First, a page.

MAHA Global and the Institute for Public Relations conducted research on the relationship between financial performance and reputation.

Using MAHA’s Darwin Intelligence platform, data were gathered on 511 publicly traded companies, spanning 16 industries worldwide, including both public perception data (e.g., what is written about them in news and social media outlets) and corporate behavioral data (what companies are actually doing—stemming from disclosed actions an organization takes that impact their various stakeholders) across seven categories of corporate reputation: environmental impact, governance, how organizations treat their employees, community impact, commitment to diversity, customer satisfaction and financial performance, including market cap and total sales. Results found that business performance is more strongly correlated with better behavior than public perception.

Figure 1:

Overall, companies with higher scores on the reality dimension or that behave better on reputation attributes performed better financially. This result was true even after variation due to industry was controlled (total sales: r  =0.11, P<0.001; market cap: r  =0.06, P=0.01). By contrast, financial performance did not consistently improve with higher perception scores. In fact, the slope of the linear relationships between both sales and market cap were slightly negative (~ -0.05). A non-linear fit suggests that maximal financial returns were associated with intermediate perception values (See Figure 1). Therefore, actions do speak louder than words.

Another important result from this study shows that certain industries score lower on public perception metrics despite having a strong track record of good behavior. These “misunderstood companies” may have stakeholders who are unaware of the good work organizations are doing in key reputation areas. Public perception of companies in the biotech/healthcare industry, for example, registers among the lowest of any industry, and yet the industry scores better than most others in terms of its actual behavior (e.g., its leadership effectiveness, community service, and the way the industry values diversity). The gaps between perception and reality highlight communications opportunities for companies that are performing well in this space.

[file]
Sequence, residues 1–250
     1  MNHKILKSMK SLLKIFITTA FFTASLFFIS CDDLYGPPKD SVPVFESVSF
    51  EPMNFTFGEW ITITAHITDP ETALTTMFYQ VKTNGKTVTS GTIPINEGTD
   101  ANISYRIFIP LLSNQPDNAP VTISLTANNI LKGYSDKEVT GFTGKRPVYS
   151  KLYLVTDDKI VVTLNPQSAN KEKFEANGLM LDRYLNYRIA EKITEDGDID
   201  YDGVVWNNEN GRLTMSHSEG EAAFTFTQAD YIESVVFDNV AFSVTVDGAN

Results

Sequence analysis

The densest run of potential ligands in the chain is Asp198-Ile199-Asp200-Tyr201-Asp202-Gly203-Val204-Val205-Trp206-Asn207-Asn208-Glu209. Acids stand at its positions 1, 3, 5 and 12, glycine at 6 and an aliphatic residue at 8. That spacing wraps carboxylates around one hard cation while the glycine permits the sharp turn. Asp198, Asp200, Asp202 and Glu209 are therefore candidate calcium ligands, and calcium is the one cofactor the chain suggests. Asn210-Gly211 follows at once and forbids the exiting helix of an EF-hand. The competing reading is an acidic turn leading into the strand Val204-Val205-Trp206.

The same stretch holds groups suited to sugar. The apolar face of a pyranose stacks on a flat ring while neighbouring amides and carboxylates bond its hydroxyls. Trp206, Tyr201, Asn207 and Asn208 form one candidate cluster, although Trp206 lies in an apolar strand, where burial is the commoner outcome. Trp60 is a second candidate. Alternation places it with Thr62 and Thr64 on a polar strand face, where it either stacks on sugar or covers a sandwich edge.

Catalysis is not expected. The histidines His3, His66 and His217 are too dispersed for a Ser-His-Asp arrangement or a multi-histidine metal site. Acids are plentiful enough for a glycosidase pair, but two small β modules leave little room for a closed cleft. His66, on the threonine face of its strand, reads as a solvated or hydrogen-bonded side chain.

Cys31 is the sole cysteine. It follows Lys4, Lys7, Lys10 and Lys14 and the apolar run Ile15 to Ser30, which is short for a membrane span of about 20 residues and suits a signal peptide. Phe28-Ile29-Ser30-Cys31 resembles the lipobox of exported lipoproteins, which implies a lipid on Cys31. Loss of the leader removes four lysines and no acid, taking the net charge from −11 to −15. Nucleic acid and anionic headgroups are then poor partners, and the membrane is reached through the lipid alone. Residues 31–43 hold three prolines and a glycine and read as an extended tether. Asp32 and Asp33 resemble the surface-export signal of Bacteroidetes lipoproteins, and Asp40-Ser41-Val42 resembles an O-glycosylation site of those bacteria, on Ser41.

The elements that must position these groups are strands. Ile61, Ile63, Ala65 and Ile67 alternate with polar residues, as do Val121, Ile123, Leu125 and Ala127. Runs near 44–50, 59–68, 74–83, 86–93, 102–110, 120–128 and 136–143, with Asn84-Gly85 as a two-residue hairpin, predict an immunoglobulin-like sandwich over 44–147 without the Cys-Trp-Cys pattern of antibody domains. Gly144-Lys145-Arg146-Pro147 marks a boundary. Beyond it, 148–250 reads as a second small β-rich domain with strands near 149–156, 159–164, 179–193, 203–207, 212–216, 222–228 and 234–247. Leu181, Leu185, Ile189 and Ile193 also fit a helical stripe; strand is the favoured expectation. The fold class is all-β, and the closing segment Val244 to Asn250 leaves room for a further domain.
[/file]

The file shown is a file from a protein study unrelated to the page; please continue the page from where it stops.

About the Institute for Public Relations (IPR):
The Institute for Public Relations is an independent, nonprofit research foundation dedicated to fostering greater use of research and research-based knowledge in corporate communication and the public relations practice. IPR is dedicated to the science beneath the art of public relations.™ IPR provides timely insights and applied intelligence that professionals can put to immediate use. All research, including a weekly research letter, is available for free at
About MAHA Global:
MAHA Global is a leading evolutionary AI SaaS company that helps companies track and predict corporate reputation and related business outcomes. As a Public Benefit Corporation, MAHA is devoted to helping organizations positively transform and build more trust with their stakeholders. For additional information about the company, please visit

Media Contact:
Brittany Higginbotham
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Heidy Modarelli handles Growth & Marketing for IPR. She has previously written for Entrepreneur, TechCrunch, The Next Web, and VentureBeat.
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